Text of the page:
PITTSBURGH, PA, September 11, 2006 — Carnegie Learning, Inc., the leading publisher of research-based math curricula for middle school and high school students, announced today that Anne Arundel County Public Schools has purchased the company’s research-based Cognitive Tutor® Algebra I software for 4,100 students across the district’s 12 high schools and two alternative schools. The $370,000 implementation will begin this fall.
In the last year, Anne Arundel County Public Schools made a commitment to close the achievement gap between African American students and other students in the school system, and mathematics is a key focus. According to the 2005 National Assessment of Educational Progress, nationally, only 9% of Black eighth-grade students were judged proficient in math, while 39% of white students were proficient.
“Our goal is to increase the overall mathematics achievement for all student groups while eliminating the gap, and to increase the success of students on the Maryland High School Assessment for Algebra/Data Analysis,” said Joy Donlin, the school system’s Coordinator of Secondary Mathematics. “The adoption of Carnegie Learning’s Cognitive Tutor is part of our objective to engage students by making math more accessible, more real-life based, and less likely to be the ultimate stumbling block for struggling students.” Because Carnegie Learning’s pedagogy is research-based, the curricula are increasingly at the forefront of high school transformation initiatives in large urban areas such as Los Angeles Unified School District; Portland, OR; Miami-Dade; Denver; and in the Chicago Public Schools, where the curricula are being piloted with funding from the Bill & Melinda Gates Foundation.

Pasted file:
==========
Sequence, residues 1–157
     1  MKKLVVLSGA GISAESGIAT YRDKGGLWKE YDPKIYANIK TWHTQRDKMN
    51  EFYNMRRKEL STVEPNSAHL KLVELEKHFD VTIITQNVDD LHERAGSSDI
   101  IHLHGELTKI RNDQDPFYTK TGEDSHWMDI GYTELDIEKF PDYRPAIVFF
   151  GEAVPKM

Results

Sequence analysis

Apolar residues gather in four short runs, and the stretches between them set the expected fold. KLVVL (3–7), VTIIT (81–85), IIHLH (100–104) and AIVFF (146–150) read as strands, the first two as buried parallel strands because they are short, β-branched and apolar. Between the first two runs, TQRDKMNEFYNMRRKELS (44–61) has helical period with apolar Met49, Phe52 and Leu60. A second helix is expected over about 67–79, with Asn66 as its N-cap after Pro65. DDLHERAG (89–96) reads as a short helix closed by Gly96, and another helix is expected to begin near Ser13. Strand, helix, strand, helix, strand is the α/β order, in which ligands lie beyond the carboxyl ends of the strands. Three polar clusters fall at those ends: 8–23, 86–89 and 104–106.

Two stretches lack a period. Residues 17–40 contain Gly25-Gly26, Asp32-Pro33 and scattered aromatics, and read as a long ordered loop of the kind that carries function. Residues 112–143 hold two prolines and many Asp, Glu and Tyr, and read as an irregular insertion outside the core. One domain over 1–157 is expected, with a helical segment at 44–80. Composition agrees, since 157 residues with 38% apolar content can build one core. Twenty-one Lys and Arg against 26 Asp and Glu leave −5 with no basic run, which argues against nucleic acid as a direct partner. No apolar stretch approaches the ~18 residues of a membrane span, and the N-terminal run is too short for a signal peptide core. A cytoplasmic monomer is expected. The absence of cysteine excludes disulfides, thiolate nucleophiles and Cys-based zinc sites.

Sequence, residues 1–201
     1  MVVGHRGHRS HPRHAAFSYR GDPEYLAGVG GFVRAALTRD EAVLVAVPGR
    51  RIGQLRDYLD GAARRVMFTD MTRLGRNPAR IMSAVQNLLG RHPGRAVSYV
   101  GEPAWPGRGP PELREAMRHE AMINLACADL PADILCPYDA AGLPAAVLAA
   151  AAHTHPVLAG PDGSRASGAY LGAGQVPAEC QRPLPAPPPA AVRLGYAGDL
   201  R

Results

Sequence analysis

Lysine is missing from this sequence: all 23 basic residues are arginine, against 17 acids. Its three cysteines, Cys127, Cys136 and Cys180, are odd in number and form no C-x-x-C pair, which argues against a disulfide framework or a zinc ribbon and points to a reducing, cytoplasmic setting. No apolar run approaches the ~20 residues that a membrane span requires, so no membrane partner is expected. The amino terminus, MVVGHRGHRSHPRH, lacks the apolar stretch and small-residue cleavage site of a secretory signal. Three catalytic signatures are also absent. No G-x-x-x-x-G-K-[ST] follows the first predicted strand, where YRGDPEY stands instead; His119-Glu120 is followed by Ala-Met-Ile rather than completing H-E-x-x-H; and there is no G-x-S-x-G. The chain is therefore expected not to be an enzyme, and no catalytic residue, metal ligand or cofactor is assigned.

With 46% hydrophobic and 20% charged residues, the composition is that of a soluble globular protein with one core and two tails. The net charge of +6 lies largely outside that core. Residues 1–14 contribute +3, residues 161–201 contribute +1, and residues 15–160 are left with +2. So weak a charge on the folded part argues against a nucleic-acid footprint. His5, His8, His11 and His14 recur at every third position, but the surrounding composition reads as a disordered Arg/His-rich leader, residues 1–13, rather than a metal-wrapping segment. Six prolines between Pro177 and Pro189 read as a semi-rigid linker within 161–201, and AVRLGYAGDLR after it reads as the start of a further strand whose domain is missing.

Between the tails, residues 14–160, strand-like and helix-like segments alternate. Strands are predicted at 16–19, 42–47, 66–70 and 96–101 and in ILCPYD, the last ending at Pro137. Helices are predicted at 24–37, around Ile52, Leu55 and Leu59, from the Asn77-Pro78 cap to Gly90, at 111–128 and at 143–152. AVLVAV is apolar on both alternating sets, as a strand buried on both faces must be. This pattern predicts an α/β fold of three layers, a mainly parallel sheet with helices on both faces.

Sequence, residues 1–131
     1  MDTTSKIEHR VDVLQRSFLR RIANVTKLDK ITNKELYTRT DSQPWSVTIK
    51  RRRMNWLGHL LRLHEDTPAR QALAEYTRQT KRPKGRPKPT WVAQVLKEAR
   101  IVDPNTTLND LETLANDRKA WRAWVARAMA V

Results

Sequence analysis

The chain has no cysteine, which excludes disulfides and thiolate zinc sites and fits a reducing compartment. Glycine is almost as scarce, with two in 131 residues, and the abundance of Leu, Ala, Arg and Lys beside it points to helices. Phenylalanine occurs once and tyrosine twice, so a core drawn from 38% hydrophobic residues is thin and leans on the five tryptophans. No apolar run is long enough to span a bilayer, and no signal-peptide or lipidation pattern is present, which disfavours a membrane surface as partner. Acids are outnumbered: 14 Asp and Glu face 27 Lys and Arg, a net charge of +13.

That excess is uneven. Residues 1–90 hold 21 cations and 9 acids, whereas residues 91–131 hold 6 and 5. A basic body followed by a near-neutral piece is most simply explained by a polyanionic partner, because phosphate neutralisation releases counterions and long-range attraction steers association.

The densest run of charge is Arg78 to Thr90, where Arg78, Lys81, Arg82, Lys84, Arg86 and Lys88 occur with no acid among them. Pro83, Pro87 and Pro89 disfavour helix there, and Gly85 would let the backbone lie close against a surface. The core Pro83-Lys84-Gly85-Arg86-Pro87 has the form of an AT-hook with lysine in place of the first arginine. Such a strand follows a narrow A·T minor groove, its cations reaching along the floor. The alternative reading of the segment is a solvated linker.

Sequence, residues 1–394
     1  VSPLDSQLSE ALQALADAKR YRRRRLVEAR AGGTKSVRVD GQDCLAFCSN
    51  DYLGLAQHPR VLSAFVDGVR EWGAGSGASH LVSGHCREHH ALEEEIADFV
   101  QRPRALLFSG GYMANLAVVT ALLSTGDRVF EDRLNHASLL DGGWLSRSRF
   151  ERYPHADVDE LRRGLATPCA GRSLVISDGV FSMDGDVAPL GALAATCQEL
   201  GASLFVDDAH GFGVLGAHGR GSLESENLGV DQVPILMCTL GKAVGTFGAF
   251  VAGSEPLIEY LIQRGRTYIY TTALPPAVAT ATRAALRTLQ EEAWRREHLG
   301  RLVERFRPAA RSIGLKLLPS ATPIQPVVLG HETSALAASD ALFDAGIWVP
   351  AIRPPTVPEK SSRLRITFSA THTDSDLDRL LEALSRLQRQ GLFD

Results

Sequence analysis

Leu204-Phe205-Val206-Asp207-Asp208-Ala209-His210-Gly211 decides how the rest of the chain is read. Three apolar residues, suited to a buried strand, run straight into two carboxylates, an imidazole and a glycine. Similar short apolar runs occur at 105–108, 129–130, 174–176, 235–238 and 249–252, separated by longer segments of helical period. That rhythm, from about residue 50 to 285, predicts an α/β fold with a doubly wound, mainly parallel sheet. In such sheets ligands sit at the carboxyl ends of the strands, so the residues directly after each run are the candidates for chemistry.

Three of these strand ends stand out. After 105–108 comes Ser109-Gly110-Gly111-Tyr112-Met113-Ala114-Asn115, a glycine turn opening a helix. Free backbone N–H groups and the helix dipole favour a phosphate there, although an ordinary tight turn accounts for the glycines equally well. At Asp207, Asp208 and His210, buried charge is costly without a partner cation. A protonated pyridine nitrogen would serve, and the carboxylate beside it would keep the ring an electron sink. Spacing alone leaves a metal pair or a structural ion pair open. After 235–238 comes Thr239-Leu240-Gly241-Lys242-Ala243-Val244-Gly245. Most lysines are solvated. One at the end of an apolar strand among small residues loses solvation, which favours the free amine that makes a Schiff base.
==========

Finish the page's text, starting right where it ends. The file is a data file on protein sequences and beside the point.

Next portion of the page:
Carnegie Learning’s programs are based on more than two decades of cognitive science research of how students think, learn, and apply new knowledge in mathematics. The Cognitive Tutor software was developed around an artificial intelligence model that identifies weaknesses in each individual student’s mastery of mathematical concepts, customizes prompts to focus on areas where the student is struggling, and sends the student to new problems addressing those specific concepts. A Teacher’s Toolkit provides the instructor with a report on each student’s progress on an ongoing basis.
About Carnegie Learning (www.carnegielearning.com)
Carnegie Learning is a leading publisher of core, full-year mathematics programs as well as supplemental intervention applications for middle school and high school students. The company’s Cognitive Tutor® is helping more than 375,000 students in over 1000 school districts across the United States succeed in math by integrating interactive software sessions, text, and student-centered classroom lessons into a unique learning platform for algebra readiness, Algebra I, Geometry, Algebra II and Integrated Math programs. The U.S. Department of Education recognizes Carnegie Learning’s Cognitive Tutor Algebra I program as one of only two math curricula scientifically proven to have significant, positive effects on student learning. Based in Pittsburgh, PA, Carnegie Learning was founded by cognitive science researchers from Carnegie Mellon University in conjunction with veteran mathematics teachers.